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Flower pesticides linked to high BP in kids: Study

Press Trust of India  |  Los Angeles 

Exposure to flower may increase in children and put them at the risk of hypertension, a study has found.

Researchers at in the US found a link between higher and exposures in children -- especially heightened spraying period around the flower harvest, a holiday with one of the highest sales of flowers.

The study, published in the journal Environmental Research, involved boys and girls living near flower crops in

According to the researchers, is among the largest commercial flower growers in the world, with significant rose exports to North America, and

Commercial rose production relies on the use of insecticides, fungicides and other pest controls, but little is known about their human effects.

"These findings are noteworthy in that this is the first study to describe that pesticide spray seasons not only can increase the exposure to pesticides of children living near agriculture, but can increase their blood pressures and overall risk for hypertension," said Jose R Suarez, an at

The team assessed 313 boys and girls, ages four to nine, residing in floricultural communities in The children were examined up to 100 days after the harvest.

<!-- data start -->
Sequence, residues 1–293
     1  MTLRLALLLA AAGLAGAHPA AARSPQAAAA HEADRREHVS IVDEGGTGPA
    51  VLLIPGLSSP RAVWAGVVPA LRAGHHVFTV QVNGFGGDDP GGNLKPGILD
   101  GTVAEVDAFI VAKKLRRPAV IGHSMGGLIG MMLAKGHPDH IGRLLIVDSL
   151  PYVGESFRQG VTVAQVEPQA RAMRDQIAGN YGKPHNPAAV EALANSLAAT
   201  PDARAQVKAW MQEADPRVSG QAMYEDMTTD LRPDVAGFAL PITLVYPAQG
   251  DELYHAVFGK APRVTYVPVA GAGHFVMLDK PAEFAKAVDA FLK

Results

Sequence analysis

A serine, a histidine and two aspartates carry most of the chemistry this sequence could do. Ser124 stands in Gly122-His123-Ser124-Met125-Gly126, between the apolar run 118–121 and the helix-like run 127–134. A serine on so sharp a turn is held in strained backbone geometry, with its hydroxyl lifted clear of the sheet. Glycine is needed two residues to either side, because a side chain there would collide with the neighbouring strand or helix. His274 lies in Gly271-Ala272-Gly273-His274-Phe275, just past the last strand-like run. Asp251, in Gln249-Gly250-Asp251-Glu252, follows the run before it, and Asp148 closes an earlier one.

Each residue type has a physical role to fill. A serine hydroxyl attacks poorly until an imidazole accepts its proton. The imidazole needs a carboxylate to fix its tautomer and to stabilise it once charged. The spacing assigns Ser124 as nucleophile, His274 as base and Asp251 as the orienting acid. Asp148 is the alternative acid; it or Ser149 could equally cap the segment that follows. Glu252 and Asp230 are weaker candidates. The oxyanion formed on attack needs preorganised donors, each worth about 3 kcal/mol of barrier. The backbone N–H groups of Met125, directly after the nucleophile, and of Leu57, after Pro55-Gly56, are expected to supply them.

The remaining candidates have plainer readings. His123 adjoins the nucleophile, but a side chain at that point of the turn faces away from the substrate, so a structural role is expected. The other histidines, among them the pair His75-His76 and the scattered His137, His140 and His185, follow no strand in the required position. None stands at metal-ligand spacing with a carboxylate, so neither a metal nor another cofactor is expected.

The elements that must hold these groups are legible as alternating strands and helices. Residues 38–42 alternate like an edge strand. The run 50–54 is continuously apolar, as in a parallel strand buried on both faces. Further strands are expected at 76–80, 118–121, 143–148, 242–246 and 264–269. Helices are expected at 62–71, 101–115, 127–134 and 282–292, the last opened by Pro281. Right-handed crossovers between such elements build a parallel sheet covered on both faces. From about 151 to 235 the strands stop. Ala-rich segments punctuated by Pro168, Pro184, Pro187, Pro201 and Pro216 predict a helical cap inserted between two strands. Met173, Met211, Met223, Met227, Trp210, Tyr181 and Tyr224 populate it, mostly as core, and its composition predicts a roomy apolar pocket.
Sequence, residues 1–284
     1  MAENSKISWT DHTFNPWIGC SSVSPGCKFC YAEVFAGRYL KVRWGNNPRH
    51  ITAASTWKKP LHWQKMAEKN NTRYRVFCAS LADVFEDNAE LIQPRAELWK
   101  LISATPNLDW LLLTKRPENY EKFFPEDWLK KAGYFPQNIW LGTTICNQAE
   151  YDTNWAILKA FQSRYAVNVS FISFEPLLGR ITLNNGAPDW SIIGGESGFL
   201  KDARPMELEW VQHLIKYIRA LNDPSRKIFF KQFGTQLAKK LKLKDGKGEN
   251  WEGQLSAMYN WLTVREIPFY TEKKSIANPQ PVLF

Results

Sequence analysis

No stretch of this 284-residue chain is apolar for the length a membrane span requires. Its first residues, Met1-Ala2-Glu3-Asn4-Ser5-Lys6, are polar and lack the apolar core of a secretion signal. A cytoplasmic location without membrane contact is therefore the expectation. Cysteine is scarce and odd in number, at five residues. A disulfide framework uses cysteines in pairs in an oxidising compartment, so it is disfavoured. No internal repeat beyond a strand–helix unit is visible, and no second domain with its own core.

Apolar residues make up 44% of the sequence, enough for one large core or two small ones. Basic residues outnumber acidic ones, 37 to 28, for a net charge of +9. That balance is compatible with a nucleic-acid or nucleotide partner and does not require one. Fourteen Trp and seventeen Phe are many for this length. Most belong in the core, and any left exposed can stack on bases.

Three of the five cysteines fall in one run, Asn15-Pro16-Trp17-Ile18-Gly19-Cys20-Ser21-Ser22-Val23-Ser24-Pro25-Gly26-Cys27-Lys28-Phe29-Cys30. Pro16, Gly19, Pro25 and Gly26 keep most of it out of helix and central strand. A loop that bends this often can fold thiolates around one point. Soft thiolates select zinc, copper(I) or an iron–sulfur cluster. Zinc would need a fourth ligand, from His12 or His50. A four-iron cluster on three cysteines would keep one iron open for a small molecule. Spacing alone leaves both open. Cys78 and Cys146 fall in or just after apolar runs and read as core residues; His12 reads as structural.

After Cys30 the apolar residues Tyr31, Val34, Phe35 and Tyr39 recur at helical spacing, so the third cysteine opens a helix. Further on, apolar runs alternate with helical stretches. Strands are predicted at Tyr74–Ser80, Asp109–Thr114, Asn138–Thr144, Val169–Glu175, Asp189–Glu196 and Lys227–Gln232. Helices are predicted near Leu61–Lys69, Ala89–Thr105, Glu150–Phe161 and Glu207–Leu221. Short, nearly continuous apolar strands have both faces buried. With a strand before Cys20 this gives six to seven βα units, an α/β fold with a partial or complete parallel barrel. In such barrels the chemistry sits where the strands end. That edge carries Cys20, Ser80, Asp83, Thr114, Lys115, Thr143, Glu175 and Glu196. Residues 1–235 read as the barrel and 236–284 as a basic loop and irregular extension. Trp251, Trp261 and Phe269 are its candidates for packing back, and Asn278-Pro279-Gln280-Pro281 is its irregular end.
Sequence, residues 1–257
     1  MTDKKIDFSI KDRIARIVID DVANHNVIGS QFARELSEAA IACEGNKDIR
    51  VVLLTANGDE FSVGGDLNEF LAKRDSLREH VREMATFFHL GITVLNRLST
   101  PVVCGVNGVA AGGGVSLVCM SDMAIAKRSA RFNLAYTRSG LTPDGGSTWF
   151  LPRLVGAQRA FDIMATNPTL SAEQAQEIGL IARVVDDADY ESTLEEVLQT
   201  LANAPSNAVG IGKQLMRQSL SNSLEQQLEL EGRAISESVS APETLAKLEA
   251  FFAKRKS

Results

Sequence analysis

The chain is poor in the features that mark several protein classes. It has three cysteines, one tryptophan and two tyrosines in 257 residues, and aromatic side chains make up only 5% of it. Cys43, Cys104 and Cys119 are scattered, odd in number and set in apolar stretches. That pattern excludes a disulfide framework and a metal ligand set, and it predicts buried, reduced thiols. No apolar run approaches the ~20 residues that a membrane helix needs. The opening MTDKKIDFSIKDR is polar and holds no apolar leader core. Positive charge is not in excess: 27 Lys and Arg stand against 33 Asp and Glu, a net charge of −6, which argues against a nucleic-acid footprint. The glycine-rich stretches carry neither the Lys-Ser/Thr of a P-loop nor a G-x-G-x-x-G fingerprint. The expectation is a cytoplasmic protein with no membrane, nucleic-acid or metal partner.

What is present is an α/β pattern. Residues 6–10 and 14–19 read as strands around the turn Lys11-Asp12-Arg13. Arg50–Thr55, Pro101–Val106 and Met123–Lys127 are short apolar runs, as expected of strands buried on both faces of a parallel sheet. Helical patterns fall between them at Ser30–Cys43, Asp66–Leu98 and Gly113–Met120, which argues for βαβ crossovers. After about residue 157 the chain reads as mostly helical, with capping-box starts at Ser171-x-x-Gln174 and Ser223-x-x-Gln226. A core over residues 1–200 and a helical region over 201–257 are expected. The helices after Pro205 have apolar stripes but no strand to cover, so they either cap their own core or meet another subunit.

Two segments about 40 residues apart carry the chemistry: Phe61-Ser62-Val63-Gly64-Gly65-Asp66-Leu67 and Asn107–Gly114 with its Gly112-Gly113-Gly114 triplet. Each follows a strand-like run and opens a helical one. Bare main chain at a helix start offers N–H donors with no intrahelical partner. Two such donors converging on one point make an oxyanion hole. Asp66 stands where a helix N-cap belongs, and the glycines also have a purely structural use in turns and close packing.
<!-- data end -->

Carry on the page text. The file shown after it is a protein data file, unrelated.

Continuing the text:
"We observed that children examined sooner after the harvest had higher pesticide exposures and higher systolic and diastolic blood pressures compared to children examined later," said Suarez.

"In addition, children who were examined within 81 days after the harvest were three times more likely to have than children examined between 91 and 100 days," he said.

Research regarding the effects of pesticides on the is limited, but Suarez said there is some evidence that insecticides, such as organophosphates, can increase

Organophosphates and several other classes of insecticides and fungicides are commonly used to treat flowers for pests before export.

In a previous study, researchers had reported that children examined sooner after the harvest displayed lower performances in tasks of attention, self-control, and sensorimotor than children examined later.

"These new findings build upon a growing number of studies describing that pesticide spray seasons may be affecting the development of children living near agricultural spray sites," said Suarez.

"They highlight the importance of reducing the exposures to pesticides of children and families living near agriculture," he added.

(This story has not been edited by Business Standard staff and is auto-generated from a syndicated feed.)

First Published: Sat, May 25 2019. 10:10 IST
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